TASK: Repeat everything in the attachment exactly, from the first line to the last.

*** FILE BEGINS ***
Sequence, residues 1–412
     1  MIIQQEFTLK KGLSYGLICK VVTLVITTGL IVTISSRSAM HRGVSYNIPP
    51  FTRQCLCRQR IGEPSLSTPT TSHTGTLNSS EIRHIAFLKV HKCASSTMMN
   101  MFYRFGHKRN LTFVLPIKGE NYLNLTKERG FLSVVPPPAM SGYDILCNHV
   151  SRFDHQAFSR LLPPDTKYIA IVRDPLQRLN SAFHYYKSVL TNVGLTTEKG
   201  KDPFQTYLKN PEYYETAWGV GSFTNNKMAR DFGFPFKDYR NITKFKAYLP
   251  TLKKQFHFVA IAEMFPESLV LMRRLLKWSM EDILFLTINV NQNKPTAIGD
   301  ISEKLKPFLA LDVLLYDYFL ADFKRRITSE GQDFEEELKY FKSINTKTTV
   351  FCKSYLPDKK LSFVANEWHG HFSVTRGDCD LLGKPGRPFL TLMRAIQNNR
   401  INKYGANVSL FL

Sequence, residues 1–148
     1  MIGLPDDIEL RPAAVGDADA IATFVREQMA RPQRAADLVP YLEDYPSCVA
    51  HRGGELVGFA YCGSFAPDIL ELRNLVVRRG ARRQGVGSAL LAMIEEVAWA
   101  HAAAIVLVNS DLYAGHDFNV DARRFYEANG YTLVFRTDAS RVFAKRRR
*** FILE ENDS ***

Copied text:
Sequence, residues 1–412
     1  MIIQQEFTLK KGLSYGLICK VVTLVITTGL IVTISSRSAM HRGVSYNIPP
    51  FTRQCLCRQR IGEPSLSTPT TSHTGTLNSS EIRHIAFLKV HKCASSTMMN
   101  MFYRFGHKRN LTFVLPIKGE NYLNLTKERG FLSVVPPPAM SGYDILCNHV
   151  SRFDHQAFSR LLPPDTKYIA IVRDPLQRLN SAFHYYKSVL TNVGLTTEKG
   201  KDPFQTYLKN PEYYETAWGV GSFTNNKMAR DFGFPFKDYR NITKFKAYLP
   251  TLKKQFHFVA IAEMFPESLV LMRRLLKWSM EDILFLTINV NQNKPTAIGD
   301  ISEKLKPFLA LDVLLYDYFL ADFKRRITSE GQDFEEELKY FKSINTKTTV
   351  FCKSYLPDKK LSFVANEWHG HFSVTRGDCD LLGKPGRPFL TLMRAIQNNR
   401  INKYGANVSL FL

Sequence, residues 1–148
     1  MIGLPDDIEL RPAAVGDADA IATFVREQMA RPQRAADLVP YLEDYPSCVA
    51  HRGGELVGFA YCGSFAPDIL ELRNLVVRRG ARRQGVGSAL LAMIEEVAWA
   101  HAAAIVLVNS DLYAGHDFNV DARRFYEANG YTLVFRTDAS RVFAKRRR